Home / podcast / Lawyers, Guns & Money podcast: <em>Game of Thrones</em>, Season 4, Episode 3: “Breaker of Chains”

Lawyers, Guns & Money podcast: Game of Thrones, Season 4, Episode 3: “Breaker of Chains”


SEK & Steven Attewell on the new episode of Game of Thrones. Enjoy!

Audio available here.

Purchase Steven Attewell’s Race for the Iron Throne: Political and Historical Analysis of “A Game of Thrones” at that link. You know you want to!

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  • Barry Freed

    Something is wrong with the mp3 file (which is how I listen to it). It’s only 57.6 KB :(

    • SEK

      I uploaded another copy, just in case that one was corrupted. If it still doesn’t work, just give me a holler and I’ll re-do it entirely.

      • Barry Freed

        That did the trick. Thanks!

  • Pingback: Video Podcast of Game of Thrones, Season 4 Episode 3, “Breaker of Chains” | Race for the Iron Throne()

  • David Hunt

    How far into Season 4 can we expect to get the your podcasts so quickly? I can tell from your comments that you were given to advance copies for purposes of writing reviews and such, but I don’t know how far into the Season that advance access extends. Can we expect one of these podcasts within hours of airtime all the way through the season?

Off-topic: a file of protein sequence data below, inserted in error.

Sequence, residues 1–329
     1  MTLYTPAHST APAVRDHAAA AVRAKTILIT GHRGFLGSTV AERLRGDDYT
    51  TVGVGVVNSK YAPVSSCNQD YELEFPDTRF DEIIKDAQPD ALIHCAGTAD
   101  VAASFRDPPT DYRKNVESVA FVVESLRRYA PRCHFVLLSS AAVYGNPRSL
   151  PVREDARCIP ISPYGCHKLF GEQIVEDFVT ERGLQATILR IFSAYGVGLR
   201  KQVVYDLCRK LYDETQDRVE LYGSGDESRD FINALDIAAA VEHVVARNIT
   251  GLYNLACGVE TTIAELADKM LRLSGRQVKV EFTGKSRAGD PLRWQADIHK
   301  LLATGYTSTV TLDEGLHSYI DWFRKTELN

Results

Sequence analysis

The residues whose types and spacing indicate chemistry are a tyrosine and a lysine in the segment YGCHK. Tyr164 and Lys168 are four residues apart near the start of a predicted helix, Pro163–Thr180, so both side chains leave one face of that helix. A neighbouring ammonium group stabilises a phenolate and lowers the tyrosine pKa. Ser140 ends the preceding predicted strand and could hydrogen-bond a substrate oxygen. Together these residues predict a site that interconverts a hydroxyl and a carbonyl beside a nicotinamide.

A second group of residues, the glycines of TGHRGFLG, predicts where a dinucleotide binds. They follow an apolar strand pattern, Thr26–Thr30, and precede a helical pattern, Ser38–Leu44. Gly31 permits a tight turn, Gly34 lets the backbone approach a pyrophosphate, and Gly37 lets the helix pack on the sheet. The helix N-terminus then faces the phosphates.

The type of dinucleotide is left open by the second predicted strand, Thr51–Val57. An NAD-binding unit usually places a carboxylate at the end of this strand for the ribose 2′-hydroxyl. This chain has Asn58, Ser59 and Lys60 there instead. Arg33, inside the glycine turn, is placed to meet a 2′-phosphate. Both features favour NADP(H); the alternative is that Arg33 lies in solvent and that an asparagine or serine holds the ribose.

p.s. It’s great that you guys do this. Thanks for it.

    • SEK

      From this point forward, sadly, we’re going to record them on Monday afternoon and post them on Monday evening. (I work the 4 a.m. until 2 p.m. shift at Raw Story, so I won’t be available to do them any earlier.)

  • Bob Loblaw

    Good discussion, guys.

    The show writers are in an uncomfortable place at the Wall; there’s really not enough story left up there to sustain a season-long arc. It’s not that I’m per se opposed to seeing more of what Gilly’s doing, but knowing where her story is going, it seems superfluous.

    • Oh, I think there is. And I’m pretty sure I know why Gilly’s in Molestown – to give a personal edge to the threat coming next to Molestown.

  • joe from Lowell

    Steven, if you see this:

    I didn’t get on it time to take part in the Q&A, so here goes:

    It’s clear that the Essos civilizations draw on the history of many ancient/classical era civilizations. Do you think the different cities are meant to be one-to-one representations of particular civilizations, or does Martin mix and match elements of various nations/eras to create them?

    • David Hunt

      I expect Steven will see this, but in case he doesn’t, he cross-posts these podcasts to his on site, Race to the Iron Throne at:


      If you post the question to the comments there, you can be sure that he’ll see it.

    • Always a mix-and-match. I’m in the process of writing a longer essay series about this, but:

      – Braavos is a rich mix of Renaissance Venice and Amsterdam.

      – we know less about it, but Myr seems to resemble Renaissance Florence, what with all the whacky inventions.

      – Volantis is late, late Byzantium but with slavery dialed up to 11 and given a racial caste, elements of Sparta there.

      – Pentos reminds me a lot of Renaissance Genoa; very merchantile, fingers in the slave trade, etc.

      – the cities of Slaver’s Bay are a cross between a post-Roman Phoenician revival and the antebellum South.

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